Class 8 truck orders posted a respectable 33,000 units in November. But they fell for a second consecutive month after record bookings in September. Supply chain issues, growing backlogs and a slowing economy are likely to prevent big monthly orders in the near term.
Orderbooks are fully open. Pent-up demand for new equipment remains strong. And carrier profitability creates a willingness to spend on equipment, said Eric Crawford, ACT Research vice president and senior analyst.
“We continue to expect a freight recession, and an eventual [mild to medium] economic recession. But OEMs at this point have clear visibility to a strong [first half of 2023] barring any unforeseen cataclysmic events.”
That hedging leaves open the possibility of another month like September when orders reached an ACT-reported 53,700 after months running at half that pace. But with backlogs of unbuilt vehicles rising, a repeat is unlikely.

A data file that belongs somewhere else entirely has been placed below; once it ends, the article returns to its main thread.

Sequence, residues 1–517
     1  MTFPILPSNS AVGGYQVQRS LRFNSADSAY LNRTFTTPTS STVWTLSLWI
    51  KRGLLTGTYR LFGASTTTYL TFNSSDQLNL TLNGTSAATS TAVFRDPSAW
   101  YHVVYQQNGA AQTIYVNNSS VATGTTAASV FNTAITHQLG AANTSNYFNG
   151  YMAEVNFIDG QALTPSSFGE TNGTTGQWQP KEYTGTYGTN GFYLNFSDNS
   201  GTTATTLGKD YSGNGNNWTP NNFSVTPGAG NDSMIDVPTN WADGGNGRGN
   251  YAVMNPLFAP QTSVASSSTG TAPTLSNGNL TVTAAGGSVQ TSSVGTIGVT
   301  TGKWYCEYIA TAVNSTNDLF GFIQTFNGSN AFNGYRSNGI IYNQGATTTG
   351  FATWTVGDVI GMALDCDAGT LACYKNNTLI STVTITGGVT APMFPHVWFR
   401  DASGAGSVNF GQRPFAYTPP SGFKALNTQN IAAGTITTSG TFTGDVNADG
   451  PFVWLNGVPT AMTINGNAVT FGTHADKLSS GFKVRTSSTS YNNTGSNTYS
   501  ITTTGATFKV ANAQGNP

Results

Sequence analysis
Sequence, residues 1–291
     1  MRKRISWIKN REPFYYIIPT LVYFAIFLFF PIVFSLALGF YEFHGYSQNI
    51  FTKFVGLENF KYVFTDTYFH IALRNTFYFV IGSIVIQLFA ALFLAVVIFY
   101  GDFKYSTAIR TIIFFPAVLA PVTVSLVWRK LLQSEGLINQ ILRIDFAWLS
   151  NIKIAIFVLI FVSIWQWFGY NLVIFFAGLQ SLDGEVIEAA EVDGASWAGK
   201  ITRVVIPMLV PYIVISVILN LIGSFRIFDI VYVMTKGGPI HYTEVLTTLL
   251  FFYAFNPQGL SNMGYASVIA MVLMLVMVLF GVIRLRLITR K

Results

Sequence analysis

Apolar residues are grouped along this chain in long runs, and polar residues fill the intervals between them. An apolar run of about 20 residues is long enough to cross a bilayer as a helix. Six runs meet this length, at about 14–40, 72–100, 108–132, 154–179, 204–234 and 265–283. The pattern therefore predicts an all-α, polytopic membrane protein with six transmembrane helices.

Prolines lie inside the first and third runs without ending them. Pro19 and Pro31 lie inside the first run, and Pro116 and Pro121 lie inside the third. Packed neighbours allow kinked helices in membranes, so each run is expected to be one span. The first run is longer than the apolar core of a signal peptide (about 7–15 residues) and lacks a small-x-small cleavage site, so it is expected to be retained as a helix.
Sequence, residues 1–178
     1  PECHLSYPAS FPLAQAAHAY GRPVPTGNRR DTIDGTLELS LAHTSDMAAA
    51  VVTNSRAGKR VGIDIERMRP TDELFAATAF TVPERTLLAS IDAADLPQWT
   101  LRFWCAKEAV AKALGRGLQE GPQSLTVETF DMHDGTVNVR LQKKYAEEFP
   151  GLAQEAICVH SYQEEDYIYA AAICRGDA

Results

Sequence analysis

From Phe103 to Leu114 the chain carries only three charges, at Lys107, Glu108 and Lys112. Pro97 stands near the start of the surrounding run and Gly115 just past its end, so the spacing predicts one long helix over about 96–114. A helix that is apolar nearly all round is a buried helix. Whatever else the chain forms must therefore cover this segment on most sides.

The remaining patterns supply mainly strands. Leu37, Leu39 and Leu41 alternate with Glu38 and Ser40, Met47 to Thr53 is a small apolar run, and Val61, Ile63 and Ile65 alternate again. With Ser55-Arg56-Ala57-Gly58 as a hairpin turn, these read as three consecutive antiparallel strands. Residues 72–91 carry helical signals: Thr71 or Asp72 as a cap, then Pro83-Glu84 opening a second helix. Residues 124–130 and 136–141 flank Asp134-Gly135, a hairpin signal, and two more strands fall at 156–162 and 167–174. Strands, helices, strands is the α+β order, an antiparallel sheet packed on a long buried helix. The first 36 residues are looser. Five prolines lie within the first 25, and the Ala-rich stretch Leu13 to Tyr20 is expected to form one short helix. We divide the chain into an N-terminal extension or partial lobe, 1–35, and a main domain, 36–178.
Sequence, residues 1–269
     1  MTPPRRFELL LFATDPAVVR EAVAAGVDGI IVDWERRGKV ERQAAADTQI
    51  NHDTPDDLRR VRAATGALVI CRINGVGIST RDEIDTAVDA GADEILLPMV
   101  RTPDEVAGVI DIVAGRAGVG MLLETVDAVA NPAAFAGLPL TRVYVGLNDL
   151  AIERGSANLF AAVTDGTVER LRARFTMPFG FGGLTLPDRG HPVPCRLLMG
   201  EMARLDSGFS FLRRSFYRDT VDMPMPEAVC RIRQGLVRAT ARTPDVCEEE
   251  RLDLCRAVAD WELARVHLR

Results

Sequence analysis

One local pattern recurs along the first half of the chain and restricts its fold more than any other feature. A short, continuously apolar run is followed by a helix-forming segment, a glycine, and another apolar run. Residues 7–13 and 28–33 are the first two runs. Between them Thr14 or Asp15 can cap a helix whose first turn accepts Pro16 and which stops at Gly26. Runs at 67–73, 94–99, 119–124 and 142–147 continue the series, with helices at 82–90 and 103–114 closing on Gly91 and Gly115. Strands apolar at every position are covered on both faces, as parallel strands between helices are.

FTR Transportation Intelligence, an ACT competitor, reported preliminary North American Class 8 net orders at 34,300 in November, well off its September total of 56,000. Even with the moderating intake, November orders rose 254% year over year compared to a period when OEMs were canceling orders because they took in more than they had parts to build.
Class 8 orders now total 295,000 on a rolling 12-month basis.
“Much of the year appears to have been slotted for production in 2023,” said Jonathan Starks, FTR chief executive officer and chief intelligence officer. “That means further moderation of levels as we get into the new year.
“The market remains strong despite the economic uncertainties, and production still will be limited to some extent by supply chains and labor.”